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Hannah S. Hempell

2 November 2010
WORKING PAPER SERIES - No. 1262
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Abstract
Aggregate loan development typically hinges on a combination of factors that impact simultaneously on the demand and the supply side of bank lending. The financial turmoil starting in mid-2007 had detrimental consequences for banks’ balance-sheets, cost of funds and profitability, thus weighing negatively on their ability to supply new loans. This paper examines the impact of supply constraints on bank lending in the euro area with a special focus on this turmoil period. The empirical evidence presented suggests that banks’ ability and willingness to supply loans affects overall bank lending activity in general and has done so particularly during the financial crisis. Applying a cross-country panel-econometric approach using a unique confidential data set on results from the Eurosystem’s bank lending survey allows us to disentangle loan supply and demand effects. We find that even when controlling for the effects coming from the demand side loan growth is negatively affected by supply-side constraints. This applies both for loans to households for house purchase and for loans to non-financial corporations. We furthermore provide evidence that the impact of supply-side constraints, especially related to disruptions of banks’ access to wholesale funding and their liquidity positions, was reinforced since the eruption of the financial crisis and corresponding adjustments in banks’ loan portfolios seem to have been geared primarily via prices rather than outright quantity restrictions.
JEL Code
C23 : Mathematical and Quantitative Methods→Single Equation Models, Single Variables→Panel Data Models, Spatio-temporal Models
E51 : Macroeconomics and Monetary Economics→Monetary Policy, Central Banking, and the Supply of Money and Credit→Money Supply, Credit, Money Multipliers
E52 : Macroeconomics and Monetary Economics→Monetary Policy, Central Banking, and the Supply of Money and Credit→Monetary Policy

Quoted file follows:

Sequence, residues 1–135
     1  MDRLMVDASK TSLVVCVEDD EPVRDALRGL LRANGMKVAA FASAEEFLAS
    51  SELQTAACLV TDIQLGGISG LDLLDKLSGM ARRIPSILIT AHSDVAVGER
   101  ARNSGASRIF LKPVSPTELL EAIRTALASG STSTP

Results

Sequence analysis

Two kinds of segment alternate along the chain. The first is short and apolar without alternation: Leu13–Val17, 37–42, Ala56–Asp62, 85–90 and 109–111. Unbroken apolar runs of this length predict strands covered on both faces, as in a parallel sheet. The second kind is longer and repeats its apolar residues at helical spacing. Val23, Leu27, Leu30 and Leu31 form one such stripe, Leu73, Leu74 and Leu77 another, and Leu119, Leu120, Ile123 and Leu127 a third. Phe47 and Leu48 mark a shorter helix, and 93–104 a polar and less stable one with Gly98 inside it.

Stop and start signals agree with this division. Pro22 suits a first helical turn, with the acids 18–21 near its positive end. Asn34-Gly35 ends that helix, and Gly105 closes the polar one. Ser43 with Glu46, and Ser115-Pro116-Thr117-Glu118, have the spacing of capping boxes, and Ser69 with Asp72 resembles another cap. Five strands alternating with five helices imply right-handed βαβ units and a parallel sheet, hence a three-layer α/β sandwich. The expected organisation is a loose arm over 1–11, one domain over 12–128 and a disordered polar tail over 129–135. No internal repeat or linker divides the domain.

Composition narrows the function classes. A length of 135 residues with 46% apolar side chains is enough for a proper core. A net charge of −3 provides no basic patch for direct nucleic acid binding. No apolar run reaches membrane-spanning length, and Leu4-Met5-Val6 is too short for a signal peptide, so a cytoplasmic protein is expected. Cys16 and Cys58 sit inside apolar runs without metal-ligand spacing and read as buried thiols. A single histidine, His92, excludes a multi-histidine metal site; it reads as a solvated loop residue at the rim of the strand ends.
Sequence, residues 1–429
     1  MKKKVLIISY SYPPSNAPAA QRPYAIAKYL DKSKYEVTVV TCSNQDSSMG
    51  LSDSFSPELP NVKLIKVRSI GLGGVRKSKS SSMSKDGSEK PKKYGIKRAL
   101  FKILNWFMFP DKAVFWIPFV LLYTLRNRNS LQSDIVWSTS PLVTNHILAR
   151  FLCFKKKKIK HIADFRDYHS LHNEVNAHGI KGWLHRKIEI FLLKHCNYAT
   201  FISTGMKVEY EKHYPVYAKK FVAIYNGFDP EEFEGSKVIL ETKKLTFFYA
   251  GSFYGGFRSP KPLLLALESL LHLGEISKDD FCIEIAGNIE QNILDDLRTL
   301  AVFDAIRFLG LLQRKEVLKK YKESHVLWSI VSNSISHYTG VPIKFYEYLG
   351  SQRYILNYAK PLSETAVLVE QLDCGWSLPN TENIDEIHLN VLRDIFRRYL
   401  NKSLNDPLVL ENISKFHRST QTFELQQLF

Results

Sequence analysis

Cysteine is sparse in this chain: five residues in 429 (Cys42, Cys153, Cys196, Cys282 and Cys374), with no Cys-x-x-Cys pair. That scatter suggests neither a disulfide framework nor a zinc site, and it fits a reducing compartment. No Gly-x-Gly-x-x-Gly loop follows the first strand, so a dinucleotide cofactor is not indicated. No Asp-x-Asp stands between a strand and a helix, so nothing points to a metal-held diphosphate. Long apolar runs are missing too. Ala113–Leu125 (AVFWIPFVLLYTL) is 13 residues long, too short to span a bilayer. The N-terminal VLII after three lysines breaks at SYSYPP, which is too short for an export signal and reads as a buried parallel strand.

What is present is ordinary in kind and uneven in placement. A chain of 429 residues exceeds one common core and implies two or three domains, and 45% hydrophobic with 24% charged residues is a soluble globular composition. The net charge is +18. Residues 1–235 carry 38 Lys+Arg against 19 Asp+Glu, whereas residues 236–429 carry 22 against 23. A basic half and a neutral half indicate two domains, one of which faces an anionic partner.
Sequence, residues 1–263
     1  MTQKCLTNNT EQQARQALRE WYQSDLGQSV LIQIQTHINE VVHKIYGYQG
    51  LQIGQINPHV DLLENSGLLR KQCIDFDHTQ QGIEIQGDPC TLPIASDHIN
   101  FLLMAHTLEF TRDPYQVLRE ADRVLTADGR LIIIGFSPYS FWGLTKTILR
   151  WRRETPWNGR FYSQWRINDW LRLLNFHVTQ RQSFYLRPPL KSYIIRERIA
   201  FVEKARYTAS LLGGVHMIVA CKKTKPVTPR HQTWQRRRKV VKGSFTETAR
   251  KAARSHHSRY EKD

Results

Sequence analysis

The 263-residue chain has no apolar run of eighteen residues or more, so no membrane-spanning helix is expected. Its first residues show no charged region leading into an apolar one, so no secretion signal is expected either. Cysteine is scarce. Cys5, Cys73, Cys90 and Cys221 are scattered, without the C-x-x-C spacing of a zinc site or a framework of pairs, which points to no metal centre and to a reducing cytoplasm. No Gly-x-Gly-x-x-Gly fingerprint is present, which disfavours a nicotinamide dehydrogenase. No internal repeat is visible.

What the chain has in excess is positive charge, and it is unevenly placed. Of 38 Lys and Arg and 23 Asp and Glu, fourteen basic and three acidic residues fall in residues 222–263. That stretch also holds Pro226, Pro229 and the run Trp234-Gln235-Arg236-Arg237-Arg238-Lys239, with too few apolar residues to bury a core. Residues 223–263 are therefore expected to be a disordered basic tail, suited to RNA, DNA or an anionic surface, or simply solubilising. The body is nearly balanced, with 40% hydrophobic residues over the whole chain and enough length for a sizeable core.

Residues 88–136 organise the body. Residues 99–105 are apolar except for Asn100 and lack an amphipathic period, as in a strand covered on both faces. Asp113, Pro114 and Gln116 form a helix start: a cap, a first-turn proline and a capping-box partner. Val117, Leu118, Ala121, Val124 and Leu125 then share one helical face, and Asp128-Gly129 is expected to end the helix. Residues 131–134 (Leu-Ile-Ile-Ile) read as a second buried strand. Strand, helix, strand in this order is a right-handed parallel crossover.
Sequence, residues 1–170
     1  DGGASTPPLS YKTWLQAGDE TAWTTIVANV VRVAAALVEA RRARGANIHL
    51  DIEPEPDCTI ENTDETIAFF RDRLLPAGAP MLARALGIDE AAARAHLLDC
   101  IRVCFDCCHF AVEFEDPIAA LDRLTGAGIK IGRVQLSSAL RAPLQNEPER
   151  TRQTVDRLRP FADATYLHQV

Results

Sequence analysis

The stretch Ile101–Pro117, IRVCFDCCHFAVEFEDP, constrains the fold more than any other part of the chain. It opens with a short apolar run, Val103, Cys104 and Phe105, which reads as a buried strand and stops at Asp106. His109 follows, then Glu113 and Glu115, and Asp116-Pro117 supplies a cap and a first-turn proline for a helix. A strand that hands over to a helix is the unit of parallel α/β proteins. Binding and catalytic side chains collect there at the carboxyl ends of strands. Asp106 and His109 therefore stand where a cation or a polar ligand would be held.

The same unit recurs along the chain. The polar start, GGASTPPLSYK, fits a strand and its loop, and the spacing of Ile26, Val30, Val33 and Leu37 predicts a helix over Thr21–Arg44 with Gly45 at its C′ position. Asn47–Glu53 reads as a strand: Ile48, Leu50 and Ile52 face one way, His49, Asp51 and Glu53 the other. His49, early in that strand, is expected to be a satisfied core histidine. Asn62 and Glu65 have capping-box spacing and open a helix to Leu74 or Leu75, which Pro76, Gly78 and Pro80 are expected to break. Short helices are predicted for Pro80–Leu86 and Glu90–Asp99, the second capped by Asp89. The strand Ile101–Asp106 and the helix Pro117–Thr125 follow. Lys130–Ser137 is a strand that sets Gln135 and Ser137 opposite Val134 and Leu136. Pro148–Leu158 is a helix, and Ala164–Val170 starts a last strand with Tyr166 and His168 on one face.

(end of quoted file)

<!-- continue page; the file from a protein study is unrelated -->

G21 : Financial Economics→Financial Institutions and Services→Banks, Depository Institutions, Micro Finance Institutions, Mortgages
30 April 2012
OCCASIONAL PAPER SERIES - No. 133
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Abstract
Shadow banking, as one of the main sources of financial stability concerns, is the subject of much international debate. In broad terms, shadow banking refers to activities related to credit intermediation and liquidity and maturity transformation that take place outside the regulated banking system. This paper presents a first investigation of the size and the structure of shadow banking within the euro area, using the statistical data sources available to the ECB/Eurosystem. Although overall shadow banking activity in the euro area is smaller than in the United States, it is significant, at least in some euro area countries. This is also broadly true for some of the components of shadow banking, particularly securitisation activity, money market funds and the repo markets. This paper also addresses the interconnection between the regulated and the non-bank-regulated segments of the financial sector. Over the recent past, this interconnection has increased, likely resulting in a higher risk of contagion across sectors and countries. Euro area banks now rely more on funding from the financial sector than in the past, in particular from other financial intermediaries (OFIs), which cover shadow banking entities, including securitisation vehicles. This source of funding is mainly shortterm and therefore more susceptible to runs and to the drying-up of liquidity. This finding confirms that macro-prudential authorities and supervisors should carefully monitor the growing interlinkages between the regulated banking sector and the shadow banking system. However, an in-depth assessment of the activities of shadow banking and of the interconnection with the regulated banking system would require further improvements in the availability of data and other sources of information.